Changing source control can be a hassle. Have you considered looking at better Diff tools, like darthcoder suggests? I have a third party SVN client, but I like the third party diff tool I have so much that I use it rather than using the tool included with my operating system (Apple FileMerge). Araxis FileMerge is a great tool, and I like Changes the best (OS X only, unfortunately). –  Andrew Noyes Jun 3 '09 at 15:48
@darthcoder & Andrew : Apparently Mercurial can easily import a SVN repository, retrieving also the commits history, so it might not be very complex, but I'll look into the tools you guys are suggesting, thanks a lot for those pointers ! –  Billy Jun 3 '09 at 16:02
svn merge tracking goes a long ways toward simplifying things. Make sure you use 1.6 and know the ramifications of how it works. –  Jeremy White Jun 3 '09 at 16:17
Indeed Jeremy, I'm not using the 1.6 version, I'll look into that also, thanks ! –  Billy Jun 3 '09 at 19:33

What you're asking for is Unified Change Management, and that's something that Subversion isn't really designed to do well (IMO). It's going to take some amount of manual effort to manage changes. But assuming you have decent issue-tracking systems in place, here's what many places I've worked have done:

main branch (trunk)  - new feature development here 
  |- release-1.0  - locked release branch 
  |--- release-sp1
  |--- release-patches - patch release fix stream (new fixes merged here)
  |------ release-sp1-issue# - this is where you make your bug fixes 
                               before merging them. 
                               This issue# is the bug-id in your tracking system.

Once a bug is fixed and committed to the patch release, you delete the old -issue# branch. That keeps branches from getting out of control but lets you keep changesets small.

Maintainers can be enforced by making release trunks writable only to integrators. Using subversion via apache: Subversion/Apache Permissions, you could create a group, integrators, and set the following permissions on your project

  |- branches  (everyone: rw) 
      |- individual-fixes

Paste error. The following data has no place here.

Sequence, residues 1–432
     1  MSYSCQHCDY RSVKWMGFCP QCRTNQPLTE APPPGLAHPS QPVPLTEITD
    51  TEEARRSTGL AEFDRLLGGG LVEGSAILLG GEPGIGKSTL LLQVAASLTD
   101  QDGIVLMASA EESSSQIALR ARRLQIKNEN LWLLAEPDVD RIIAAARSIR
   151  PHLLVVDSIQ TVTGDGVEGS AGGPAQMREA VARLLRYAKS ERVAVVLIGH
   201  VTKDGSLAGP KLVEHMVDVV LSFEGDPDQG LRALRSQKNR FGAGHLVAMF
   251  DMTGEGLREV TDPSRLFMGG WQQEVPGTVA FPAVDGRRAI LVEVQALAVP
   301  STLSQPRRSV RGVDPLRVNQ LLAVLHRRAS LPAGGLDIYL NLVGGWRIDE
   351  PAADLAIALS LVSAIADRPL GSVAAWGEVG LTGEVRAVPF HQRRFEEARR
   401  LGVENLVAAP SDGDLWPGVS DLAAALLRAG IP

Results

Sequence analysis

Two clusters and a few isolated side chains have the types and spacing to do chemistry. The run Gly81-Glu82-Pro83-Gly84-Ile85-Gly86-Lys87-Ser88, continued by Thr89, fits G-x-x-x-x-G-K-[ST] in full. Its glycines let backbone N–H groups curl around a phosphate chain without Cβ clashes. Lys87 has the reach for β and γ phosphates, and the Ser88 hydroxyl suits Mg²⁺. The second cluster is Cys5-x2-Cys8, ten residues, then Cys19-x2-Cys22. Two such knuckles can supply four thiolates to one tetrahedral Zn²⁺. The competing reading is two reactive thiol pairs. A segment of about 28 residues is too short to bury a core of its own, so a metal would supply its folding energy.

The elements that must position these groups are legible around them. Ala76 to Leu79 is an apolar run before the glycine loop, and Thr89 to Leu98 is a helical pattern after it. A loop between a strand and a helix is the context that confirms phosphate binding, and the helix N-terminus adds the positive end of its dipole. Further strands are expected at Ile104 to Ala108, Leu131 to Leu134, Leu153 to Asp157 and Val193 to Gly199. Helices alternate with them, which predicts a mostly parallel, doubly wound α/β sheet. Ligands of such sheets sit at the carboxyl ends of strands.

|- release-branches: (integrator: rw, everyone: ro) 
      |- release-1.0-fixes
      |- release-2.0-fixes
  |- trunk     (integrator: rw, everyone: ro) <- new dev goes here!!!!
  |- tags      (integrator: rw, everyone: ro) 
      |- release-1.0
      |- release-1.0-sp1 
      |- release-2.0

Then each merge is small, well tracked, and only a small group of people can do merging. This creates a bottleneck on your merge team, however. I've never worked with a large git/mercurial team to see how this works.

You would implement something similar for feature fixes as well, but off your trunk instead.

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Do you keep your release branches in the development trunk? I'm having difficulty understanding this. I use the standard Subversion structure, so I keep releases in the tags folder. Sounds like this would become cluttered quickly. –  Andrew Noyes Jun 3 '09 at 15:50
tags are read-only. You don't integrate/merge into these. But having a separate release-branches tree, you can control access to integrators. Ideally once something is tagged, it's release-branch is removed. Once SP1 ships, that's it, no more changes. In this instance, assuming 1 release, you only have two branches, one, the trunk (new development), and the release-fixes stream, which will eventually become a new service pack. –  Chris Kaminski Jun 3 '09 at 16:47